I'm reading an (otherwise fascinating) article now on Ionic and came across this snippet of code:

<script type="text/javascript" src="//code.angularjs.org/1.4.3/angular.js"></script>
<script type="text/javascript" src="//code.angularjs.org/1.4.3/angular-resource.js"></script>
<script type="text/javascript" src="js/services.js"></script>
<script type="text/javascript" src="js/index.js"></script>

What's wrong with the above code? (And yes, the title mostly gives it away.)

By using a CDN for libraries in your hybrid mobile app, you've essentially ensured the application will be completely broken when offline. This is obvious, but like most of us doing client-side work, we've become accustomed to using CDNs for libraries.

Now - you may ask - what if the core functionality of the application requires you to be online? In that scenario, you still want to ensure you gracefully handle the user being offline. If your CDN libraries fail to load, most likely your application is going to crap the bed. If those libraries were stored locally within the application, you can at least still load up, detect the offline state, and then tell the user they can't do anything while offline.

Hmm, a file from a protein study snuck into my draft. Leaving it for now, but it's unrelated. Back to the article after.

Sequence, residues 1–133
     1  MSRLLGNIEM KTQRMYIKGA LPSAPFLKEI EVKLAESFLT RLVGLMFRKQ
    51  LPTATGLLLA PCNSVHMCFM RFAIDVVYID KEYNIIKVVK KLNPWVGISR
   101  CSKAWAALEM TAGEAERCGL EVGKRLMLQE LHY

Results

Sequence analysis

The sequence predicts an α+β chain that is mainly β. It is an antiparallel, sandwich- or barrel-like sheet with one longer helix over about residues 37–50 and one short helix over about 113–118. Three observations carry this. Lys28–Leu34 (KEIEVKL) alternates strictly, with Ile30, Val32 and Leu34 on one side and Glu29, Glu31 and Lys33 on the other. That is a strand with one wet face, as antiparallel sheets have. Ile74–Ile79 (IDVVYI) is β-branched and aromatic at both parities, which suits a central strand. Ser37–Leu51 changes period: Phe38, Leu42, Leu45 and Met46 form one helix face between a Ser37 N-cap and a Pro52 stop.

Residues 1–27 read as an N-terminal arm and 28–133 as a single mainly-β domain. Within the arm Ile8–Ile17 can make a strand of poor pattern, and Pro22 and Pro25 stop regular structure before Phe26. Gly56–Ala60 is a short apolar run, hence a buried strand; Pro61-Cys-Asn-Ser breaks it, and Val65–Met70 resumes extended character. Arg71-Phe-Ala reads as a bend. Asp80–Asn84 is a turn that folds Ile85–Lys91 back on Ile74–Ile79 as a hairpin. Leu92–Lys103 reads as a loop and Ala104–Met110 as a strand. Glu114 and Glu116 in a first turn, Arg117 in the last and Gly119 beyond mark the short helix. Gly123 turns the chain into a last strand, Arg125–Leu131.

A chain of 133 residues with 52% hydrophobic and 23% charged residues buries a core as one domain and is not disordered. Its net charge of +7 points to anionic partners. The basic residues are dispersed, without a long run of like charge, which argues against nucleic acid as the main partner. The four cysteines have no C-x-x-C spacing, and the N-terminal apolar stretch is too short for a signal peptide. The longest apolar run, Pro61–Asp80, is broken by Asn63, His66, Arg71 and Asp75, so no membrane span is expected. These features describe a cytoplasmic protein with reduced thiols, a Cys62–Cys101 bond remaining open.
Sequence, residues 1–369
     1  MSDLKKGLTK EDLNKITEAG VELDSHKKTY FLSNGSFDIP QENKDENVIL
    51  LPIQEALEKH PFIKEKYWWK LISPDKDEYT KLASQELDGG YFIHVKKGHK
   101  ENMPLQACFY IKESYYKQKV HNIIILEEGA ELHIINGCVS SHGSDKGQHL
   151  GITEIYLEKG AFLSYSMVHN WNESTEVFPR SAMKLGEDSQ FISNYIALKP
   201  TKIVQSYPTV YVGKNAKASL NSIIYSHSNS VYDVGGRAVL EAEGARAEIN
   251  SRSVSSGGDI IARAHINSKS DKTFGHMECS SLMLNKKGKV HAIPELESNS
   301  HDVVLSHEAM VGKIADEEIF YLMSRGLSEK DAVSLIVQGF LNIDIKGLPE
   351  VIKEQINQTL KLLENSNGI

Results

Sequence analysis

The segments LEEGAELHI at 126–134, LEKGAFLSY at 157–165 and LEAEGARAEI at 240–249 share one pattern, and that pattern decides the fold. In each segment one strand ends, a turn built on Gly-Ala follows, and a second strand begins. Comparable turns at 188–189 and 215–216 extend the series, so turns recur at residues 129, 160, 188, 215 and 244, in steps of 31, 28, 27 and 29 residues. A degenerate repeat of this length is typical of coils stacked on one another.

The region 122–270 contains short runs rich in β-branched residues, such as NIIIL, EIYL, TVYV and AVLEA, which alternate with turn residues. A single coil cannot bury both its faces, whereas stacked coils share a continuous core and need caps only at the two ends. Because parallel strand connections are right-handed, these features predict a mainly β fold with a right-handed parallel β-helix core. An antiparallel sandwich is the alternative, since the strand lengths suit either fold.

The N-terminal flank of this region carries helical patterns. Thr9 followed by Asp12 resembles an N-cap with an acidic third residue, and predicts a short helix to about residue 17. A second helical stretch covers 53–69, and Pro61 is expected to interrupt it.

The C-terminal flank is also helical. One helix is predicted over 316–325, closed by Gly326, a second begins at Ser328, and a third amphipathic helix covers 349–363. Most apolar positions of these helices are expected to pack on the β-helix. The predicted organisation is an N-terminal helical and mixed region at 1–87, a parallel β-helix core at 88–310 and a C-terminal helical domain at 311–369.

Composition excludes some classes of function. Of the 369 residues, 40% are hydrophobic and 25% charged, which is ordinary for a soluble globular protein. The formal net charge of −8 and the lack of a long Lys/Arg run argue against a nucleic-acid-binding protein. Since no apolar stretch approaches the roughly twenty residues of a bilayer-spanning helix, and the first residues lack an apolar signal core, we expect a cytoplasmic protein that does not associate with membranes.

Even better, you can add a simple event listener for when they get back online and then start the application up again. (And of course, you'll have an event listener for when they go back offline. Because that happens. A lot.)

For an example of this in action, see my earlier blog posts: PhoneGap Online/Offline Tip and PhoneGap Online/Offline Tip (2).